In this communion photo shoot at a hotel in Howth Dublin, we did classic communion portraits on the stairs, but afterwards, I wanted to create something a little mysterious. I asked her to cover her face. This is environmental child photography where the surroundings create a mood that I want to help capture in this case through the faceless portrait.

girl in communion dress sitting on plush staircase covering her face and golden window light

And here is my gorgeous little boy lost in his own world with the lollipop. Not a faceless portrait, but not a perfect classic child portrait either. Allowing the child to be in his own world can create some interesting moments. I like the way his fanned fingers echo the lines on the table.

boy sucking lolipop outside in a garden with bourganvillea trees and he is fanning his hands across the table, lost in thought


Of course, as parents we will always appreciate a happy picture of our child or baby. We want to see our children happy, this is normal. They are often the pictures we want to treasure, frame and put on our wall. But it is great to embrace other, enigmatic expressions where possible. An interesting child or family portrait is often more than just capturing a happy, smiling or serene expression. Many say that laughter & smiles eclipse all other expressions and halt the element of mystery.

two sisters playing in garden, obe lying down rubbling her eyes and other playing with a pine cone. documentary family photography dublin by cara

The in-between completely unposed movements and expressions often come "in between" new ones. They can sometimes look awkward, not typically "pretty". They may even be completely ordinary. But as part of a photo story capturing your real, day to day family life, they can become your favorite and most meaningful memories!


This communion portrait was intentionally blurry. By focusing on the mobile phone, the children in the tree are blurry. I didn't set out to capture this picture, but since dad was in my way, I went with it. This is an example of an unplanned natural communion portrait that resulted from casual photo bombing. The blur helped bring out the story. More on this natural communion photo shoot Dublin soon HERE.

dad taking a picture on his mobile phone of his two children in a tree branch, his daughter in her communion gown and son in smart clothes.

And unwanted blur....My little niece here is pulling an expression I don't really recognize and the light is hard and the portrait quite blurry (check out her face...). However, there is something precious and fragile about her as she enthusiastically clutches her precious collection of old, battered dolls. I keep coming back to this picture although I don't know why. In between moments can hold mystery...(frayed, imperfect dolls hand in hand with frayed, imperfect picture?)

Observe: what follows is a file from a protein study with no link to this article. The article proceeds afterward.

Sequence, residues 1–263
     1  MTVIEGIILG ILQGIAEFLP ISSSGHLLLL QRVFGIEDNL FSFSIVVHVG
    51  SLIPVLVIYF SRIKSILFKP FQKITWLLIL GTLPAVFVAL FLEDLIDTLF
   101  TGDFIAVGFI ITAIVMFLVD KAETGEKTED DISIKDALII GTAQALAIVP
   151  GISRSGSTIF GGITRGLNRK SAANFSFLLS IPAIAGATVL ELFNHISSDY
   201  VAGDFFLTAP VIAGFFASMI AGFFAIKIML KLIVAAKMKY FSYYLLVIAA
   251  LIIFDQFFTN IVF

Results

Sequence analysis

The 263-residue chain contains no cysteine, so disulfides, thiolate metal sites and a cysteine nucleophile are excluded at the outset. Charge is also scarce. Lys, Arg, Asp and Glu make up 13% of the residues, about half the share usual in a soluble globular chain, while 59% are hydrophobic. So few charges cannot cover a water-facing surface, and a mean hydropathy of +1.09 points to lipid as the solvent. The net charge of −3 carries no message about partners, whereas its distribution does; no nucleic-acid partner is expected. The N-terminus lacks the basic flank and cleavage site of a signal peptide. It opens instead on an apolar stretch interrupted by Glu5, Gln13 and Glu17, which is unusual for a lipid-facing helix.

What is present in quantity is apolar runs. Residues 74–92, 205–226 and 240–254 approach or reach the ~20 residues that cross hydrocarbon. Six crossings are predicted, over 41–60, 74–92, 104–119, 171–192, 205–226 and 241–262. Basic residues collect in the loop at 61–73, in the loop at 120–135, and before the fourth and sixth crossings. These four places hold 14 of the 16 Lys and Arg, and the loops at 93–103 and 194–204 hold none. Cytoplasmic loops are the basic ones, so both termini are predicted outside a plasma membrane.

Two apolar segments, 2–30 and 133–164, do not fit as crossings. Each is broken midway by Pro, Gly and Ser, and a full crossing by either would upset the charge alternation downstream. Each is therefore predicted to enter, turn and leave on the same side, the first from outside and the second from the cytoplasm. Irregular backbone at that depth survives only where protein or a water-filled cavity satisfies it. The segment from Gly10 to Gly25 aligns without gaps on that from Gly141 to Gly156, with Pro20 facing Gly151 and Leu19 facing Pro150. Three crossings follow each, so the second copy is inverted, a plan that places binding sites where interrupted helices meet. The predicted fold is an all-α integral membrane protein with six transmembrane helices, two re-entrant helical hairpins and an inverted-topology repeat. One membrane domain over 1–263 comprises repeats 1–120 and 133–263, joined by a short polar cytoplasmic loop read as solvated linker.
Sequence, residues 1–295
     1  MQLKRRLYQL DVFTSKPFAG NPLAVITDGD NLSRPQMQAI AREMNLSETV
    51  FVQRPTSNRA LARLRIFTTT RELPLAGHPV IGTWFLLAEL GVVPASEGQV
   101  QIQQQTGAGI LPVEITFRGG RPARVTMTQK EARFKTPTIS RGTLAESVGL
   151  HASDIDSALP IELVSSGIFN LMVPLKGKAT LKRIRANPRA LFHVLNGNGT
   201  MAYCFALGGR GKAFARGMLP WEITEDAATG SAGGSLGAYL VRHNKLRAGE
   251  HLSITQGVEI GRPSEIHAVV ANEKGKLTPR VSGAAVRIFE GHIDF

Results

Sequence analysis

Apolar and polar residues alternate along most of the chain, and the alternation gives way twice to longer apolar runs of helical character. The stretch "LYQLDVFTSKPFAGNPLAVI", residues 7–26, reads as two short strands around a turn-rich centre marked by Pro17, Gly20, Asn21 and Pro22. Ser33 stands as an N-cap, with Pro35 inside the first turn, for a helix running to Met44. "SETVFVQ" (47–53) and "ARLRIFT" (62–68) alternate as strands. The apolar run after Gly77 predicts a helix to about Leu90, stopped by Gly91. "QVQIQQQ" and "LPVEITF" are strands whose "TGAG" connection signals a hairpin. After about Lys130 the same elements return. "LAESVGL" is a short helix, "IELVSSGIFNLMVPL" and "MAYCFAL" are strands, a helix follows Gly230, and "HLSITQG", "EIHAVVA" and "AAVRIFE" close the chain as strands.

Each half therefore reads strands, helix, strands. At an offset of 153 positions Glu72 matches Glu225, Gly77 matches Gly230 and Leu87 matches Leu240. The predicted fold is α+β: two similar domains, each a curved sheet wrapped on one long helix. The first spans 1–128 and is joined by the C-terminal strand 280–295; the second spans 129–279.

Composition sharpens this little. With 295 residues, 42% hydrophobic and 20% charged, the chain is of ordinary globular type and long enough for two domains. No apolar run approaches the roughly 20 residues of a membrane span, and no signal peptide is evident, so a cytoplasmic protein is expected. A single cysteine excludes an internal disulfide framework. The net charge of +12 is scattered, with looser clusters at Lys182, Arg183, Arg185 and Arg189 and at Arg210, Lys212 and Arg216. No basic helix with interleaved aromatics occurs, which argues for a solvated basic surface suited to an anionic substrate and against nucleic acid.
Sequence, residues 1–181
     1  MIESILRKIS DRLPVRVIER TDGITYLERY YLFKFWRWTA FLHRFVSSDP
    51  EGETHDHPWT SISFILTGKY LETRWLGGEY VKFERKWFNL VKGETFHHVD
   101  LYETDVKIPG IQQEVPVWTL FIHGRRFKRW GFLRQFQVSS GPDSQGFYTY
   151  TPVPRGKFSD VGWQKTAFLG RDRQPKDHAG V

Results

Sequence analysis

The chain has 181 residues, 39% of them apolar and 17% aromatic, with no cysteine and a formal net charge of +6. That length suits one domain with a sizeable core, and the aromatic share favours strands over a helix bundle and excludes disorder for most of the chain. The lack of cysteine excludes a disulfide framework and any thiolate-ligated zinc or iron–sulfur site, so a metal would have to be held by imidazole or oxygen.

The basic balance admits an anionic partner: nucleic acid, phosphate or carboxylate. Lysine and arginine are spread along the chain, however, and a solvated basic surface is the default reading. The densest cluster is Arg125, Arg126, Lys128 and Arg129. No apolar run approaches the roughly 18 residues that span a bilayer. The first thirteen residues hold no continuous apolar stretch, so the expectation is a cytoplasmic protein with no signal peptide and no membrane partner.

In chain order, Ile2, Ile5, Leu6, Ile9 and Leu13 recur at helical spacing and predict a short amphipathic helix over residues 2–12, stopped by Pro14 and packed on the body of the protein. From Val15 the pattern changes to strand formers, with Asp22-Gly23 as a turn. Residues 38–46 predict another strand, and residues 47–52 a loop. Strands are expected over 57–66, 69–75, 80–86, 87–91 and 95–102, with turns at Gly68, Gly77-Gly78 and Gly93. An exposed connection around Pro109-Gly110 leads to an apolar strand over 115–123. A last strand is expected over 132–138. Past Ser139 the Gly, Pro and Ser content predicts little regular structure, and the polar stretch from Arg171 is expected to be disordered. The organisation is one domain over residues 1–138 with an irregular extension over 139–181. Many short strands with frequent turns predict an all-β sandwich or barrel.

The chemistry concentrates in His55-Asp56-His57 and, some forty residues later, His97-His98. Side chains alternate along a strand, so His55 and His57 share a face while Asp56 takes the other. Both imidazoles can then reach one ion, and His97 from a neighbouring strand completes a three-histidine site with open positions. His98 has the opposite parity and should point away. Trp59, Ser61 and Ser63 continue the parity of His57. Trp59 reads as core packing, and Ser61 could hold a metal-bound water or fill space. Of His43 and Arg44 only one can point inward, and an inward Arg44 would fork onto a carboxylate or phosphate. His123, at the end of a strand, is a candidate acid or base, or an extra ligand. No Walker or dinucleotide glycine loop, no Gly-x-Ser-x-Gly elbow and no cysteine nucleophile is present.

little girl carrying a collection of dolls in her arms as she walks through her garden at home in bright haze and sunlight


A series of my son washing his beloved cat Zara in the shower. The light was so flat and dark (it's a shower "room" just off my daughter's bedroom. I don't even know what the camera settings were as I was quick to grab the camera and shoot into the GLOOM. The pictures were dark as I wanted to avoid high ISO and too much noise or "grain". However, here the noise mostly comes through shooting through glass and condensation. I think the texture really makes these pictures fun. I also think the flat light makes the colors washed out and a bit like pencil crayon sketches...(or maybe that's me being fanciful). Either way, I like the noise here and it's usually something I want to avoid.

boy in shower cublicle looking up as he showers his cat and there is condensation on shower door and across his face. award winning child portrait photographer dublin by cara

boy showering his cat in the shower

This little list of ways to avoid the trap of perfection is far from exhaustive. Just things to consider. Emotion trumps technique, but with great technique, too, anything is possible.

I usually use the same tried and tested settings on my camera over and over. Another thing to consider is that now A.I is getting so great at making"perfect" portraits, the imperfect may really contain treasure. To be imperfect is to be human, after all. It can be used to tell a human story.

Cara Hodge Photography, emotive family portraits Dublin. I am a professional natural family photographer Dublin. Also doing babies and newborns - including At Home Newborn Photography Dublin. Also social occasions such as debs, graduation, birthdays and communion & baptism photography.

Check out my Prices and my Frequently Asked Questions here.

Finally contact me too your sessions. I look forward to chat and to tell your perfectly imperfect story together!

Have a lovely week, Cara x